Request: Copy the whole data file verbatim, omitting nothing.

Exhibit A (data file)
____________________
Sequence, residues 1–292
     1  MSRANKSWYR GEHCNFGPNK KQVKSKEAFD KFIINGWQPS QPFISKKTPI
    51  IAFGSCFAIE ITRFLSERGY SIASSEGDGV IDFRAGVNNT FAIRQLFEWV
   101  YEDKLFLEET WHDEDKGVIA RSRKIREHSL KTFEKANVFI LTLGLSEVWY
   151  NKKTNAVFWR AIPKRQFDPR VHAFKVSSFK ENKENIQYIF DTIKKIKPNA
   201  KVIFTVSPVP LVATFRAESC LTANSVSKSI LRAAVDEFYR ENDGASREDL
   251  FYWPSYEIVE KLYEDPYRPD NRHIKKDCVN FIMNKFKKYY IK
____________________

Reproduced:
Sequence, residues 1–292
     1  MSRANKSWYR GEHCNFGPNK KQVKSKEAFD KFIINGWQPS QPFISKKTPI
    51  IAFGSCFAIE ITRFLSERGY SIASSEGDGV IDFRAGVNNT FAIRQLFEWV
   101  YEDKLFLEET WHDEDKGVIA RSRKIREHSL KTFEKANVFI LTLGLSEVWY
   151  NKKTNAVFWR AIPKRQFDPR VHAFKVSSFK ENKENIQYIF DTIKKIKPNA
   201  KVIFTVSPVP LVATFRAESC LTANSVSKSI LRAAVDEFYR ENDGASREDL
   251  FYWPSYEIVE KLYEDPYRPD NRHIKKDCVN FIMNKFKKYY IK